Having our own operating system gives us the ability to solve customer problems using the best technology available and be agile to as well as drive industry changes. We can guarantee road maps, ship dates, and predictability and ISV support. Enterprise customers who come to Sun get the best-supported products and can take advantage of open source, and packaged products without concern.
And for those that want either Red Hat or SuSE, we\’re happy to supply it – but our role is as a supplier/reseller. We\’ll deliver our products atop them where customers seek it, and absolutely add value to help promote Linux and Solaris as alternatives to the Windows world – but our operating system investments will target Solaris, on Intel\’s 32-bit x86 instruction set, on AMD\’s 64-bit Athlon/Opteron, and on Sun\’s 64-bit Sparc.
Unlike IBM, we will not move away from having our own operating system. We believe that in so doing, in effectively end of life\’ing AIX by not shipping it on x86, IBM has left itself exposed to the dominant distribution, whose objectives aren\’t necessarily aligned with IBM\’s. On Intel, then, it\’s down to Microsoft, Solaris and Linux.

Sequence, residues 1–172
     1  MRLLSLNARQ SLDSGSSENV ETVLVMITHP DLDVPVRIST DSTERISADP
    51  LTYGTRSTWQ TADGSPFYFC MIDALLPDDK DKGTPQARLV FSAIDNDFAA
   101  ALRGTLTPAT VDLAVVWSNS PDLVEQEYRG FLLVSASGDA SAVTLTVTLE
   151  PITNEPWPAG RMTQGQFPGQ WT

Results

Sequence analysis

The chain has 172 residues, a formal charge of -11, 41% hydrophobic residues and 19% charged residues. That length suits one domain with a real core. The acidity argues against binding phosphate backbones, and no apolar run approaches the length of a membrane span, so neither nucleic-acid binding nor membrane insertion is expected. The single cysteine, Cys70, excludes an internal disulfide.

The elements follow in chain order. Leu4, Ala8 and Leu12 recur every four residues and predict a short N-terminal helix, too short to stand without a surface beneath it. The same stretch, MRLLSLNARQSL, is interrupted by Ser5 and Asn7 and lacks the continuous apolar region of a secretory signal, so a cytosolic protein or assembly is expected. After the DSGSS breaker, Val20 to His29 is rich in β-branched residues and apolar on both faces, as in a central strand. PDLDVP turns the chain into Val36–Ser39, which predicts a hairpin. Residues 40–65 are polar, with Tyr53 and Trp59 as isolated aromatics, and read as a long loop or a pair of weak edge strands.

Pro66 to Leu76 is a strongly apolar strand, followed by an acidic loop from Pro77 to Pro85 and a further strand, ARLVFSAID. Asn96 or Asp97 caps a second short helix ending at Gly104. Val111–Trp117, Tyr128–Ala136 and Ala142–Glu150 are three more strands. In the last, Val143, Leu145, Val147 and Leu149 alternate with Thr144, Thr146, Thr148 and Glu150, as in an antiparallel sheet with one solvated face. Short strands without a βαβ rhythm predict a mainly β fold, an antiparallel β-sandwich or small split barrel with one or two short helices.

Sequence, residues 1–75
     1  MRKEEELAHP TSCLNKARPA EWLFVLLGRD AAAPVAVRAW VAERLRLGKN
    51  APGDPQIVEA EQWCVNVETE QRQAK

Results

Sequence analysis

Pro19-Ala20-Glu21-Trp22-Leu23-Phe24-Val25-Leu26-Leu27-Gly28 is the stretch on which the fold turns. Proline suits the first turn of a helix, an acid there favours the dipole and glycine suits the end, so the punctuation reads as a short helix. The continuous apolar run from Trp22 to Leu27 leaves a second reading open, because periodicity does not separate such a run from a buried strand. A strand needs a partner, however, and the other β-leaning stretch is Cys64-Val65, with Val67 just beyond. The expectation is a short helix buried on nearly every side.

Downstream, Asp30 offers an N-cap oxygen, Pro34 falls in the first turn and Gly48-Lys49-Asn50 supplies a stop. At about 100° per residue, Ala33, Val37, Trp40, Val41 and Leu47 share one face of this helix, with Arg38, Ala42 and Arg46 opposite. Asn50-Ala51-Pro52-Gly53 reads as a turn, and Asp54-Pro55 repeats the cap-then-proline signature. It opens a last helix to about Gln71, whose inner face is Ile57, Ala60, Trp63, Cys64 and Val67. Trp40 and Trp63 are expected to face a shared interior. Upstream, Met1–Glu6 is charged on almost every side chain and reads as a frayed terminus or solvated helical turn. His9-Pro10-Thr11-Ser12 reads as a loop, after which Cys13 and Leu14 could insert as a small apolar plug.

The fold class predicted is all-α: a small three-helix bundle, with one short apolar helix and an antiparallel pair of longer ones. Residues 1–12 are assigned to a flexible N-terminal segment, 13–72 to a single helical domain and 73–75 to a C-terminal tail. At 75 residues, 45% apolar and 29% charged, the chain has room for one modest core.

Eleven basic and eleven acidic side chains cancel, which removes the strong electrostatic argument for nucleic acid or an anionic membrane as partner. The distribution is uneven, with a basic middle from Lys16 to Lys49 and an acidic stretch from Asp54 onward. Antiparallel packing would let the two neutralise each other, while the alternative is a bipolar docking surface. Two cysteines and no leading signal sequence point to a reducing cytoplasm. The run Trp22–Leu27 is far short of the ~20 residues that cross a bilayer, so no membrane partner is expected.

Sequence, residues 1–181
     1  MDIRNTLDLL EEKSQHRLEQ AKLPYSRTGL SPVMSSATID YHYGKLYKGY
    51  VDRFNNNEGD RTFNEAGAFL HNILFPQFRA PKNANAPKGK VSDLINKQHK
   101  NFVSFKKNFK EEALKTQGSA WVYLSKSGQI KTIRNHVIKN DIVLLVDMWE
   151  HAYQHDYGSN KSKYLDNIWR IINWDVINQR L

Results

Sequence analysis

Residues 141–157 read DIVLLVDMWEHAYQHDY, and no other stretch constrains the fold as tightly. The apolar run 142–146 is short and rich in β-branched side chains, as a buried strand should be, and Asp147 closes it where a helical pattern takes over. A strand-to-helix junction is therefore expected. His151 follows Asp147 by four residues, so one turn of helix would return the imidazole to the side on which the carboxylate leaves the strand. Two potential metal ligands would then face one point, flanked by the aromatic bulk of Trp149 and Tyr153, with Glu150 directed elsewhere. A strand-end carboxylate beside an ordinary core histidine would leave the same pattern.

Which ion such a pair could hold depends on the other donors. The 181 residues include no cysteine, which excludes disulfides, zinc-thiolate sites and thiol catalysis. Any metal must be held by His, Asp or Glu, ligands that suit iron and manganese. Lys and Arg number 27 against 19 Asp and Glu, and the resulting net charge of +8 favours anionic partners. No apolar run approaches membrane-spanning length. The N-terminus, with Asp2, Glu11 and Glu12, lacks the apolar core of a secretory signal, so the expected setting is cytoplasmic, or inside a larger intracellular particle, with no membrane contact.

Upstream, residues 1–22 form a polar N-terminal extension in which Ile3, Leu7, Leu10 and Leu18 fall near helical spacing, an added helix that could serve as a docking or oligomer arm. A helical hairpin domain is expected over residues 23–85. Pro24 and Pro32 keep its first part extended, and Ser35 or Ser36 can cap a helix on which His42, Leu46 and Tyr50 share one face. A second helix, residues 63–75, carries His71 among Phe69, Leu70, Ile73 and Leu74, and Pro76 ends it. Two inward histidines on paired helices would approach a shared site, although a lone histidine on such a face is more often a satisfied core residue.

Where will Sun support Linux?
Computing is a very broad market, from sensors to supercomputers. We have no interest in abandoning our existing Solaris customers, or in ceasing to grow the volume market for Solaris on servers. We\’re making massive performance improvements on 1- and 2-cpu Intel and Sparc systems, growing our ISV base, growing value and functionality with the complete Java Enterprise System – which delivers value on both Linux and Solaris. Our strategy is to make Unix successful, whether it\’s Solaris from Sun, or Linux from the community.
That Dell and IBM won\’t vouch for Linux strikes me as hypocritical – especially for IBM, the industry\’s most pernicious patent litigator
But on the desktop – and moreover, on devices – it\’s a different world. I don\’t expect to see anyone running Solaris on a mobile phone. I do expect those devices, and many desktops, to run Linux – and with Linux, comes Java, and higher level programming abstractions. So we\’re very interested in protecting customers and OEM\’s from the legal issues surrounding Linux to help promote the evolution and deployment of new client devices, especially those running Java. Our newest desktop is built atop Linux and Solaris, and at $100/desktop, or $50/employee, delivers real value against the alternatives – we obviously don\’t get there with Java alone.